If you’ve never been in an Ocean State Job Lot (OSJL), you’re missing out. The Rhode Island-headquartered staple of the East Coast was originally founded as a discount closeout retailer in 1977, making it a go-to for household essentials, holiday decorations, and pet supplies. The best part of walking the rows of a Job Lot, however, is those unexpected treasures you’d never find anywhere else.
The company’s $800 million in revenue and extensive expansion over the last handful of years is proof that it’s continuing to find ways to attract new customers in search of everything from oscillating fans to inflatable pool loungers.
OSJL’s growth has required the expertise of recent head of real estate hire Jonathan Navallo, whose retail real estate experience is as deep as his commitment to promoting diversity for those whose backgrounds are in the commercial real estate space. A board member of Search to Involve Pilipino Americans and the Northeast Lead for Filipinos in Institutional Real Estate (FIIRE), Navallo is committed to providing more opportunities for people who haven’t had the opportunity to see others with similar backgrounds and experiences in positions of leadership.
It’s been less than a year for Navallo in his present role, but the head of real estate has made significant inroads in a very short period.
“The last 10 months with Ocean State Job Lot could be seen as drinking from a fire hose, but I think it’s been more like drinking straight from the fire hydrant,” Navallo says, laughing. “I’m here to help take an $800 million company into the billions through real estate. This company is full of amazingly entrepreneurial individuals who will get it done no matter what, and I’m excited to be part of it.”
OSJL’s sizable portfolio includes the ownership of shopping centers where its stores are located. Navallo sees the real estate team as the “tip of the spear” for helping scale continued growth. He also sees an opportunity to contribute to the company’s wider ESG efforts.
“We want to be a net-zero (cutting greenhouse gas emissions as close to zero as allowable) company moving forward,” Navallo explains. “It’s not just the right thing; it’s ultimately going to make us a more efficient and profitable company in the long run.”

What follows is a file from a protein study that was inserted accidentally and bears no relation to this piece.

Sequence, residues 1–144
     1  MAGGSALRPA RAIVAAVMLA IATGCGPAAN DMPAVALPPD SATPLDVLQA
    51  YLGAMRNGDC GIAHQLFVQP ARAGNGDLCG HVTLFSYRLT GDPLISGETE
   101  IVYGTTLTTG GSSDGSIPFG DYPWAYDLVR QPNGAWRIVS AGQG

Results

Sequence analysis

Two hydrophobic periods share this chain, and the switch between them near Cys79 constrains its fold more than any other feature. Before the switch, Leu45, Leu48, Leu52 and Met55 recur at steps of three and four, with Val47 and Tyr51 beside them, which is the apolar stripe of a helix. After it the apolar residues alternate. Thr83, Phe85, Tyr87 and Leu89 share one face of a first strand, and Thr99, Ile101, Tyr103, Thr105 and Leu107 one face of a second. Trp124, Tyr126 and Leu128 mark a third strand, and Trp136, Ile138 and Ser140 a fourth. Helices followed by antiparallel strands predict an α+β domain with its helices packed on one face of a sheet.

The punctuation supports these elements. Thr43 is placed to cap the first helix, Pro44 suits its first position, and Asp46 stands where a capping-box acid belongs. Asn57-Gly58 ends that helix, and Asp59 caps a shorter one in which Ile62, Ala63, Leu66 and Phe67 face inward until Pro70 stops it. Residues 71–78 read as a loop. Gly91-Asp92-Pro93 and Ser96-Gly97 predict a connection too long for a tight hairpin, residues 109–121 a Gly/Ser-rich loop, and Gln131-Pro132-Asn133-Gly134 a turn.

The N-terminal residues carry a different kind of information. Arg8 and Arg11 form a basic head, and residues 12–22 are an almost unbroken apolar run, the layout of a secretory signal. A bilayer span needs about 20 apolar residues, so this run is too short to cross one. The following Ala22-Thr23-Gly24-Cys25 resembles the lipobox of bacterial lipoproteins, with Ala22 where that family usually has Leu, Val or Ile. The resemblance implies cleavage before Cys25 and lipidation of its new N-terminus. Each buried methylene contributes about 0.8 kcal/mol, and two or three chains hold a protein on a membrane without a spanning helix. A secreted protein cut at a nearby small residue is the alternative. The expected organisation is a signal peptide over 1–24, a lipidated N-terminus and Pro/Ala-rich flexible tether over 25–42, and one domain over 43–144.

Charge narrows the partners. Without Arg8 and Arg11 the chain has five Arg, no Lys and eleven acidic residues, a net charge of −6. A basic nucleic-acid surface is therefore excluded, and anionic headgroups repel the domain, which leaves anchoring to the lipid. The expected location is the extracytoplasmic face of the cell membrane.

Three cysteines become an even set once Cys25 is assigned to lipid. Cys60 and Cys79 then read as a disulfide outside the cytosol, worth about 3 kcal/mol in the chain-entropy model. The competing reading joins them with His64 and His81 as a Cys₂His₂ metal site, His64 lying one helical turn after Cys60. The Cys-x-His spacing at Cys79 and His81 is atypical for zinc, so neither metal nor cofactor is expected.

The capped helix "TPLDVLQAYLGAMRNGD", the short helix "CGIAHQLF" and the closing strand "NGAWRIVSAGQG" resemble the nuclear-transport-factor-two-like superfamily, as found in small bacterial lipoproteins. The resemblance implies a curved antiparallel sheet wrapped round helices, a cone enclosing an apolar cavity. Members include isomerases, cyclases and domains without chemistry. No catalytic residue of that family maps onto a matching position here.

Navallo says the company is addressing issues ranging from material usage to logistics and supply chain to enhanced recycling operations for all of its portfolio. As the owner of its real estate, OSJL can engage its tenants to become part of the effort.
Additionally, the real estate head is especially proud of Job Lot’s continuing commitment to solar power. The company rolled out 7,500 rooftop solar panels across 10 of its Rhode Island locations in 2021. It’s also working on similar projects for its Massachusetts and New Jersey locations with more on the way.
When it comes to the leadership of his team, Navallo says it’s imperative to drop his ego at the door. That means not just a willingness, but a commitment to bringing in talent that knows more than he does.
“I don’t want to be the smartest person in the room,” Navallo says. “My job is to create an environment where my team can succeed, and if I’m able to do that, then I’m doing my job right. That’s how I’ve always approached management. In today’s environment, how you approach a problem is everything, and I want people on my team who can employ those soft skills to work collaboratively and find creative solutions.”
Navallo clarifies that he’s not as focused on finding hard skills, as those can be taught with time. He’s often willing to look outside the real estate world when sourcing talent, as it provides new insight, perspective, and problem solving approaches.
Both at OSJL and outside of his role, Navallo also displays an intense desire to provide the kind of mentorship he was missing early in his career. He says that coming from a background where he had no connections to commercial real estate, not only finding, but knowing he needed a mentor was a difficult challenge to overcome.
“One thing I think about in my career is that representation matters, and now that I’m a father, that’s become more important than ever,” Navallo says. “The longer you’re in this business, the more you realize you can have a positive impact on other people’s careers, providing guidance and mentorship. I want to provide that for the next generation of real estate professionals.”
That’s why Navallo is continuing to build out FIIRE’s Northeast chapter and provide more visibility for Filipino Americans in commercial real estate. Traditionally, Navallo says, Filipinos have had exactly two options: medicine or engineering. He wants that to change, and he’s helping lead the charge.